I wrote about some things to think about when deciding whether or not to pay off your mortgage early a few months ago.  My wife and I had a discussion about paying off our mortgage the other day (which rapidly deteriorated into planning a year long trip to Guatemala and going to see some Broadway plays).  We were considering the merits of paying it off using three different techniques.


Why to Pay Off Mortgage Early

We have over 14 years left on a 15 year mortgage fixed at 2.75%.  After tax, that's about 1.84%.  With 3% inflation, that's a NEGATIVE 1.16%.  It's hard to argue mathematically that paying off  a mortgage at a negative real interest rate is a smart idea.  However, I'm pretty anti-debt and freeing up the cash flow required to pay that each month would allow us quite a bit of financial freedom (meaning I get to work two shifts less a month.)  We never really planned on keeping the mortgage for a full fifteen years.  We're still undecided about exactly when to pay it off.  I'd like to pay it off by age 50 when I hope to have the ability to retire (12 more years) but it would also be nice to have it paid off by the time my eldest daughter starts college (9 years,) freeing up cash flow to help pay for that.  Truth be told, I'd rather not have a mortgage right now, but have a very hard time throwing extra money at it if it requires passing up contributions to our HSA, Roth IRAs, Profit-sharing Plan, Solo 401K, Defined Benefit Plan, 529s, UGMAs etc.


Paying Extra Towards Mortgage Each Month

The easiest way to pay off a mortgage early is to just pay extra each month.  I calculate that to pay off my now 14.5 year, $345K mortgage in just 9 more years requires me to pay another $1203 a month.  That's probably not the smartest way to do it, however.  First, it only earns me a return of 1.8%.  Second, home equity isn't particularly liquid.  It's tough to spend it on a trip to Europe if you change your mind about your financial priorities.  Third, home equity doesn't get much asset protection in my state, not to mention if, for some bizarre reason, we defaulted on the mortgage and lost some of that equity to the bank.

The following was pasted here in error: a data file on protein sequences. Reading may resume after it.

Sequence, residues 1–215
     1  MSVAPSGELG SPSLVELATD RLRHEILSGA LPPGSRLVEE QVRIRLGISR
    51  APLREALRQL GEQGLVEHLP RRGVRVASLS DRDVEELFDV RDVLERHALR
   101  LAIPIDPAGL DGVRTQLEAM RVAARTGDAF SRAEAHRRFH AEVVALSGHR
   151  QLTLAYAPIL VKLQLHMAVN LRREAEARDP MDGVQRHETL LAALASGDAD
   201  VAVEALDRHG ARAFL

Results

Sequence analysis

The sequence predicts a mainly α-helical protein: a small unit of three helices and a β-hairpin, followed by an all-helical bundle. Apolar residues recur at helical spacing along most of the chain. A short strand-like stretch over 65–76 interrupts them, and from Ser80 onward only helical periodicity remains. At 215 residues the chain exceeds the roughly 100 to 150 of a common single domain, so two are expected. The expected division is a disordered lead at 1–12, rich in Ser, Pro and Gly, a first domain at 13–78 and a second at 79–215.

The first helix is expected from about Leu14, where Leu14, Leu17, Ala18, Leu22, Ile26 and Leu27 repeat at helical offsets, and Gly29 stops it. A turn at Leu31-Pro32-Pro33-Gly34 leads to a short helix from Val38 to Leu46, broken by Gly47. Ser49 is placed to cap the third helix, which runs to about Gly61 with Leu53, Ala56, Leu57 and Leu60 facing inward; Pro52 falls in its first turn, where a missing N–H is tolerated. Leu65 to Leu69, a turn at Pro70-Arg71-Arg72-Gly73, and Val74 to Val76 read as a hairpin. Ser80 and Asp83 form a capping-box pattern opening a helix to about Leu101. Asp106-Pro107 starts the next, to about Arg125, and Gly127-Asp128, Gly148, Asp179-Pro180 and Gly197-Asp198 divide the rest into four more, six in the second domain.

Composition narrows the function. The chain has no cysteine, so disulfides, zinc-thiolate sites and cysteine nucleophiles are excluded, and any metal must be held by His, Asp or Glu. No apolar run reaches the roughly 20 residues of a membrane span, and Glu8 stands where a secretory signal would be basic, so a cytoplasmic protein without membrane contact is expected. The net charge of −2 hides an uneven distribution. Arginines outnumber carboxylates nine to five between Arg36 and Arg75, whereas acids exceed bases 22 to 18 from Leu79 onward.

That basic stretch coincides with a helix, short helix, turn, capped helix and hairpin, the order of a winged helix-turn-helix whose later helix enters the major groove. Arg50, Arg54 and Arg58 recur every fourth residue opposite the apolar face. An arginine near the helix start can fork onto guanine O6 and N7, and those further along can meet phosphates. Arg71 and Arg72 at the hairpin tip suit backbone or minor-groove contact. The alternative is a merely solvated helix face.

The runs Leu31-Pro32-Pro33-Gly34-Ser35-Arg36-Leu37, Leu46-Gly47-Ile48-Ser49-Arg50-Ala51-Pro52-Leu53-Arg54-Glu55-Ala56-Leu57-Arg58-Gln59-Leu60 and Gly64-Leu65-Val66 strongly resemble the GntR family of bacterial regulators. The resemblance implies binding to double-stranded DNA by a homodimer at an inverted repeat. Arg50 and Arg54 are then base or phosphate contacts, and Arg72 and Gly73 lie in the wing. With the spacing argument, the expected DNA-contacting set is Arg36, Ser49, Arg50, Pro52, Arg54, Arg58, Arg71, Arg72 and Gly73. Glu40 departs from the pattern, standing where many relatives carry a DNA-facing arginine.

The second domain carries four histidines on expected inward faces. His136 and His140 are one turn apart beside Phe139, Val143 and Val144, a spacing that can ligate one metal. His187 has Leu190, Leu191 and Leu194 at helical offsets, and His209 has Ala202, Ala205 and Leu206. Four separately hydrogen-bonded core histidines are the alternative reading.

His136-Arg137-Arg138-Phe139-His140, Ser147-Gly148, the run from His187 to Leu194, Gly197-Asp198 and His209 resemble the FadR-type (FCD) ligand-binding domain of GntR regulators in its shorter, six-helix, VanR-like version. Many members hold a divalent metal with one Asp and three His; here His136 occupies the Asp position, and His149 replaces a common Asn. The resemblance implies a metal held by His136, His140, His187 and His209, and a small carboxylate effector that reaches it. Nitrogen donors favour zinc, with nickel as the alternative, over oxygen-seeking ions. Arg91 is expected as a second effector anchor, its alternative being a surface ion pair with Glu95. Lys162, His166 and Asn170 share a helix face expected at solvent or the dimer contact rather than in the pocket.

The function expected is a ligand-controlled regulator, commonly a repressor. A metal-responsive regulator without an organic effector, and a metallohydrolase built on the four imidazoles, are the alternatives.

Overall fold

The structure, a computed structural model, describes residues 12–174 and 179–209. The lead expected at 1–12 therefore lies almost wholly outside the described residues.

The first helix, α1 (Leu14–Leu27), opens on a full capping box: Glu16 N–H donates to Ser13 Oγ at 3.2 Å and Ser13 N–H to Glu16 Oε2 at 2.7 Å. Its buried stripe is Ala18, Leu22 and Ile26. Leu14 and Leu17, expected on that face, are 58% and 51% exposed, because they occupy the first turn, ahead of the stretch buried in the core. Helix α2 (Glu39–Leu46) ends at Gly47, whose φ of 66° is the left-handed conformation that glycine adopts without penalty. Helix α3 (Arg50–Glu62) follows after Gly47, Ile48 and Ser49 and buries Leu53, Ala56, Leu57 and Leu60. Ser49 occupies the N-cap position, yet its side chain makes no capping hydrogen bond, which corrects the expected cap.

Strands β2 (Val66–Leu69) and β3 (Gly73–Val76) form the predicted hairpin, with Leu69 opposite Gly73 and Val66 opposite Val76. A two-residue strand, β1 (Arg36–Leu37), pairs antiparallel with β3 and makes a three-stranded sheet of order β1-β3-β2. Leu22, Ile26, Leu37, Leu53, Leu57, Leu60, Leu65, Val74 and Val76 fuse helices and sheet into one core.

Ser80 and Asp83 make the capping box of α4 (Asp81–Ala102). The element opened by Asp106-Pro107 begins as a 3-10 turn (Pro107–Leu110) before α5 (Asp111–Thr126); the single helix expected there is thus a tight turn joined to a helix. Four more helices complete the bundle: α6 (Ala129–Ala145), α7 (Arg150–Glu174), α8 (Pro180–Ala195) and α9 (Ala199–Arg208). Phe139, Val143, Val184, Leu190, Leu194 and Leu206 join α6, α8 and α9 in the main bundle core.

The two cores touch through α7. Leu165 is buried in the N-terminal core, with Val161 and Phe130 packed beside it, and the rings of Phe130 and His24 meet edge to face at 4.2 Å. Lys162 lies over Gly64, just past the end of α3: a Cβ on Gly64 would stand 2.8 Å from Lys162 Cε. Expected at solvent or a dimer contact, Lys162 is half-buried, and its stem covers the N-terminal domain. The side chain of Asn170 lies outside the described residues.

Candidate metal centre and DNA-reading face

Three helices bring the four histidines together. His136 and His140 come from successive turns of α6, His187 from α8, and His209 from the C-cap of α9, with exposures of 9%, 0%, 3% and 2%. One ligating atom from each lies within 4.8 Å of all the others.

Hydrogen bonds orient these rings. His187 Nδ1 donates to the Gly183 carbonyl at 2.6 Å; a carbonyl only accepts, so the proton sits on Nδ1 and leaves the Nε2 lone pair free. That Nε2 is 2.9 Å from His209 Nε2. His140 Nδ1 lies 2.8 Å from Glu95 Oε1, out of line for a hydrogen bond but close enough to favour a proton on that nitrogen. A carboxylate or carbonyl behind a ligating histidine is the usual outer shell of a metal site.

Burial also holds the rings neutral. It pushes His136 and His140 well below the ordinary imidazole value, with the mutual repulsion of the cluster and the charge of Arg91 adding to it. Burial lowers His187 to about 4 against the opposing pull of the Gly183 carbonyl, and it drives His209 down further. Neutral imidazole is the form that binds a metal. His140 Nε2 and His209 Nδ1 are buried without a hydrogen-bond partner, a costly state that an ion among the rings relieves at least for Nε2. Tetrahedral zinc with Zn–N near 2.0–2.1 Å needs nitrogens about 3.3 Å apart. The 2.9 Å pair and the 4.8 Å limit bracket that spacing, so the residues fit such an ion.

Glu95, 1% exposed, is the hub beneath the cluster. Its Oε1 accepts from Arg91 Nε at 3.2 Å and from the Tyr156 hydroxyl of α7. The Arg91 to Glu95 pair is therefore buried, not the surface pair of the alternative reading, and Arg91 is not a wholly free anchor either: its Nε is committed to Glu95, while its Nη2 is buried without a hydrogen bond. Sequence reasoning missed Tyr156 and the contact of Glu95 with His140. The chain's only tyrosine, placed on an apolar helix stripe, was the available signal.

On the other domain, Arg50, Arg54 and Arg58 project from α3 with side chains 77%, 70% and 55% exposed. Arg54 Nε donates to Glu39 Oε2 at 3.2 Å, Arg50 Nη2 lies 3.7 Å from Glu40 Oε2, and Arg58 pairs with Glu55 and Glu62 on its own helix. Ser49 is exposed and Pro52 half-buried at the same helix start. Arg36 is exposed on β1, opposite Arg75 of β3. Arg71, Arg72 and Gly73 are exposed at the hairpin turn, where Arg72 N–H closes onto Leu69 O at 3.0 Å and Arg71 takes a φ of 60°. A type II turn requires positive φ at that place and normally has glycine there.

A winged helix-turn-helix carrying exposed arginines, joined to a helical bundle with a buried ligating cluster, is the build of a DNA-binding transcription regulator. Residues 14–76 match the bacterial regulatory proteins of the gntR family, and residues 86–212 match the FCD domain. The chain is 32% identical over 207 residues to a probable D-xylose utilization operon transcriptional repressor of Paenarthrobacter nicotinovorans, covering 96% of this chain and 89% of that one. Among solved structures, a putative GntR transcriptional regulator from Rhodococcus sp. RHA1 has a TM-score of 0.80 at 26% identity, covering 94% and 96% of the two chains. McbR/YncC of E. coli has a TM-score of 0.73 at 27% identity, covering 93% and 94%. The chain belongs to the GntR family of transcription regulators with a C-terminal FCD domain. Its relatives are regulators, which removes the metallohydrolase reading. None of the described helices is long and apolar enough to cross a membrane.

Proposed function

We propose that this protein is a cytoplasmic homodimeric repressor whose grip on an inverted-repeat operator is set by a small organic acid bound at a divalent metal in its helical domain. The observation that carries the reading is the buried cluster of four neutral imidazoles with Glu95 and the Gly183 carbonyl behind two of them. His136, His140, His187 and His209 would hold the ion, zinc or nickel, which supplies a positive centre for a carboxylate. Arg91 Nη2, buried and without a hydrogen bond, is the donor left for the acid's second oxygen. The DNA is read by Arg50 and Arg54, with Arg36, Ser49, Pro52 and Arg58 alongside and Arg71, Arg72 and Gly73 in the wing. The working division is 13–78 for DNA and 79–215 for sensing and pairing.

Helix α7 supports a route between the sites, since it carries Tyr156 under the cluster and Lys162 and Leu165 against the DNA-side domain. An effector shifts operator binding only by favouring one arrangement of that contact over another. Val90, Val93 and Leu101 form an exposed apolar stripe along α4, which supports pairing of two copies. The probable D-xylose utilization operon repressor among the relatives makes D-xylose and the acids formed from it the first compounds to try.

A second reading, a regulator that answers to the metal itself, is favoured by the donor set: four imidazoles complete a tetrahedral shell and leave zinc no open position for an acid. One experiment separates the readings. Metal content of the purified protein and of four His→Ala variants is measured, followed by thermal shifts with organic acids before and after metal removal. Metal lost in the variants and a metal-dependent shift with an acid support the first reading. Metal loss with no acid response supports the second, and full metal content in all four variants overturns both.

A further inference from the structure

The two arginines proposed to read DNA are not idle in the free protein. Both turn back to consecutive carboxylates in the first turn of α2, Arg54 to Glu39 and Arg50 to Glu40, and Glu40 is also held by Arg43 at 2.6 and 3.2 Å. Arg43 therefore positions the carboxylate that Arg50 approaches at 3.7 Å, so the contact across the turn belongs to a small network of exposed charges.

Paying Off Our Other Mortgage

We have another obvious candidate for loan paydown.  We have an investment property with a 5.3% mortgage.  After tax, that's a 3.6% return, almost twice as much as the previous option.  It isn't any more liquid or protected, but we plan to sell within a few years and would then have access to that money, which could either go toward our current mortgage as one lump sum, or used in another manner.  We're already throwing $300 a month extra at this mortgage.


Taxable Investing Account

A better option in my opinion, although markedly more risky, would be to invest that $1203 a month into tax-efficient stock index funds in a taxable account.  Lots of people worry about taxes when investing in taxable accounts.  I don't.  It's easy to find a tax-efficient investment.  $100,000 invested in a total stock market index fund kicks off less than $2000 in distributions a year, which are taxed at only 15%, or about $300 a year.  If the value of the investment goes down, I can tax-loss harvest it, offsetting up to $3000 of my regular, highly-taxed earned income each year.  I also never pay capital gains taxes on the gains, as I can use highly appreciated shares for my annual charitable giving instead of cash.  In this manner I can continually update the basis on the investment, effectively eliminating capital gains taxes on its eventual liquidation.  So if my investment earns 8% a year, I'm going to get pretty close to 8% a year even after the tax man gets his cut.

It will take me 9 years to pay off the mortgage directly with that $1203 a month extra payment, but if I use the taxable account instead and earn 8% a year, I should have a lump sum sufficient to pay off the mortgage 11 months earlier.  Best of all, I have the flexibility and liquidity in case I don't want to pay off that mortgage.  I can always use the money on something else.  I also have the ability to time my withdrawal of that money.  If we're in a bear market 8 years from now, I can just hold the investment for another year or three until recovery.  If, like now, we're 4 years into a bull, we can cash it out and pay off the mortgage.  If the investment performs better than 8%, then I'll get there sooner.  It would have to perform much worse than 8% (worse than 1.8%, or at least 3.6%) in order for me to come out behind using this strategy.  While possible, that's probably not very likely.

Do you plan to pay off your mortgage early?  What strategy will you use?  Comment below!